In 2007, Venezuela’s state-run airline Conviasa began flying a route to Tehran via Damascus in partnership with Iran Air. The planes, however, were never filled with tourists – Instead, they would allegedly depart Caracas every week loaded with drugs and cash and return from Iran and Syria with weapons and operatives of the Islamic Revolutionary Guard Corps (IRGC) and its Lebanese branch, Hezbollah, as well as other Iranian intelligence agents and even Hamas members.
According to agents tracking Hezbollah criminal and terrorist activities across the globe, Venezuela would provide these operatives with fake identities and travel documents, which they used to “spread throughout the subcontinent and set up shop in the many recently opened Iranian consulates, businesses and mosques.” The flights, cutely nicknamed ‘Aeroterror,’ were allegedly halted in 2010.
Until April 8, 2019, when a new and improved version of ‘Aeroterror’ made its maiden flight to Caracas. This time, it is Iran’s Mahan Air – a private airline banned by Germany and France and sanctioned by the US for providing “transportation, funds transfers and personnel travel” for the IRGC and Hezbollah – that will be responsible for ferrying these operatives to Venezuela to shore up Nicolas Maduro’s rule in conjunction with Conviasa.
Already in January, Hassan Nasrallah, the Secretary-General of Hezbollah, reportedly pledged military advisors and specialists to protect key security facilities for Maduro. Around the same time ‘Aeroterror’ was revived, Iran’s Foreign Minister Javad Zarif suggested further IRGC deployments to Venezuela to reinforce the regime.
These Iranian activities are not merely a response to a friendly regime under siege. The relationship, after all, is long-standing and expansive, with Iran present at almost every level of the regime and its security services alongside the Cubans, who run Venezuela as a virtual colony. During recent Congressional testimony, Latin America policy analyst James Humire listed more than 2,000 Venezuelan passports given to suspected IRGC agents and their proxies. Many senior IRGC officers from its expeditionary Quds Force (IRGC-QF), joined the Venezuelan security structures, according to Peter Brookes, a former Pentagon and CIA analyst, and were responsible for overseeing training and advising for various security elements.
A recent article by Emmanuele Ottolenghi and Matthew Zweig, both Senior Fellows at the Foundation for Defense of Democracies think tank, lays out a strategy for strangling the renewed Iran-Caracas air link with sanctions and impoundment. Mahan Air, the authors argue, is already under intense pressure, and despite being the sole Iranian carrier with new long-range jets, only possesses 13 planes capable of flying directly to Caracas. Working with allies in Europe, the Middle East, and South America, the US can block off airspace, raise transit fees, and even impound the jets once they land in friendly countries.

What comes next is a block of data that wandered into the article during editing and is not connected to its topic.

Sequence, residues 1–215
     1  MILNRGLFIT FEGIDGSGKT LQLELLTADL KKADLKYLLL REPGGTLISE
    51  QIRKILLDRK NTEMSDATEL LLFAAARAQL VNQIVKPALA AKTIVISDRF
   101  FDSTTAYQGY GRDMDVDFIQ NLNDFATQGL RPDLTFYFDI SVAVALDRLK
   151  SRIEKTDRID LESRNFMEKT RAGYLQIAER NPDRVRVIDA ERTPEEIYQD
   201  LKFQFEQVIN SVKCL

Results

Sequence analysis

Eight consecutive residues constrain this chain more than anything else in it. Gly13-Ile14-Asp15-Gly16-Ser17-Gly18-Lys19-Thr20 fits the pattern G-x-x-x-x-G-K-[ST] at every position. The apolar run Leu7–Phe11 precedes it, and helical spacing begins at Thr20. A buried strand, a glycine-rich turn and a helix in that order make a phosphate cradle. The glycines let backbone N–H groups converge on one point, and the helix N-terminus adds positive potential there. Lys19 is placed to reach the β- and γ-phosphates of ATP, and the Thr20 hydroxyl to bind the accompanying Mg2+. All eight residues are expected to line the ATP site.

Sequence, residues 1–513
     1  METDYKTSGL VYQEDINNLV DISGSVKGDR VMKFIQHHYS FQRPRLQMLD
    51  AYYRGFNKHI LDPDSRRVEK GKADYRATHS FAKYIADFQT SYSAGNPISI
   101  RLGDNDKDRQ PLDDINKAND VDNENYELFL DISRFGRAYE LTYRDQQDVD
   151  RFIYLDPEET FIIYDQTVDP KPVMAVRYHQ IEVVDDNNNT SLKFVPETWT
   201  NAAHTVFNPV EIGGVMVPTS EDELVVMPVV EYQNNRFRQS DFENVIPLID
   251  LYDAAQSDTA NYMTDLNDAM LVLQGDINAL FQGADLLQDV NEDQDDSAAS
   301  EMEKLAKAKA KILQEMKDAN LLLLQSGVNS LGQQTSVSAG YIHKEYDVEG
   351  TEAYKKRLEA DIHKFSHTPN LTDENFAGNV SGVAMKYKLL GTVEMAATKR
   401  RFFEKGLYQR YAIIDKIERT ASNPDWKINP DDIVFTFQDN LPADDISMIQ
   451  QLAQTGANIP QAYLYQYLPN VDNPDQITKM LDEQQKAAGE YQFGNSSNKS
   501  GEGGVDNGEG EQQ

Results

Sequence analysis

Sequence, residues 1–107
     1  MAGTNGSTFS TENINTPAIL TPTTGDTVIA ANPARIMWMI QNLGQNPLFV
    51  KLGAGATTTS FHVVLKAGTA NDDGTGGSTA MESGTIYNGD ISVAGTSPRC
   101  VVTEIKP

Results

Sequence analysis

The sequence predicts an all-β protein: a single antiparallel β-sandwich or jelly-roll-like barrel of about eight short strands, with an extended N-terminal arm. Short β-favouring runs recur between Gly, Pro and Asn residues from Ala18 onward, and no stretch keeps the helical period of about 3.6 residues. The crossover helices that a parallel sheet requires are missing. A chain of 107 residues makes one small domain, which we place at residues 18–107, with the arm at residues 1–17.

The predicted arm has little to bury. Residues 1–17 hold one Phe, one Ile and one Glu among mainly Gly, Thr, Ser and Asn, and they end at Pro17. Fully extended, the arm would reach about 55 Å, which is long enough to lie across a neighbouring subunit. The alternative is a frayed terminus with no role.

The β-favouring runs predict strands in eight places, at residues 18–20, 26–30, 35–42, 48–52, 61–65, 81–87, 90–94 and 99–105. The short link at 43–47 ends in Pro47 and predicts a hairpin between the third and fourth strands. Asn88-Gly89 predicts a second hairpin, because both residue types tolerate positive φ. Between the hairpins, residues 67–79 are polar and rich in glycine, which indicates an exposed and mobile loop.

While the US should absolutely follow this advice, Iran is unfortunately not the only country flying long-distance to the aid of Maduro. He will likely be able to rely on Venezuela’s effective alliance with Russia and Turkey to fill in any gaps that result from US pressure.
Erdogan was the first leader to express support for Maduro against the United States, and in 2016 established a direct Turkish Airlines flight between Caracas and Istanbul to ferry Venezuelan gold, likely to continue Turkey’s “Gas-For-Gold” sanctions evasion scheme to undermine US pressure on Iran. Its intermediaries for the gold trade with Venezuela are Tareck El Aissami – virtually an IRGC agent and the lynchpin of Venezuela’s relationship with Syria, Iran, and Hezbollah in his previous capacities as Venezuela’s Interior Minister, Vice President, and currently Minister of Industries and National Production – and Alex Nain Saab Moran, who is intimately involved with Hezbollah’s criminal operations in South America on behalf of Maduro. There is good reason to suspect that Erdogan would allow the IRGC to use Turkish Airlines as a fallback if US pressure on Mahan becomes too great.
Then there is Russia, which has flown in at least 100 military specialists – including cybersecurity personnel to manage surveillance against the opposition and protect the regime’s communications – on multiple long-range flights to Venezuela to repair military equipment and operate a helicopter training base. On top of this, Russia reportedly flew in hundreds of “Wagner” mercenaries to defend Maduro. These flights, which are arriving from Syria and may already be transporting some IRGC officers, haven’t stopped, and Russia has tried to send naval warships to Venezuela with arms and equipment, as well. As in Syria, where Russia and Iran planned a joint intervention in which Iran would provide the bulk of the ground forces, the two countries could come to a similar arrangement in Venezuela if need be. In any case, their actions are already being coordinated, and Russian transports helping ferry Iranian forces and weapons are hardly unprecedented. As for Turkey, private planes continue flying from Turkey to Venezuela via Moscow, suggesting some coordination.
As Venezuela looks to be descending into civil war, halting ‘Aeroterror’ needs to become a major priority for the US and its allies. This will mean implementing not only the recommendations of Ottolenghi and Zweig, but also closing off any Turkish and Russian attempts to pick up the slack if the going gets too tough for Mahan Air to continue by itself.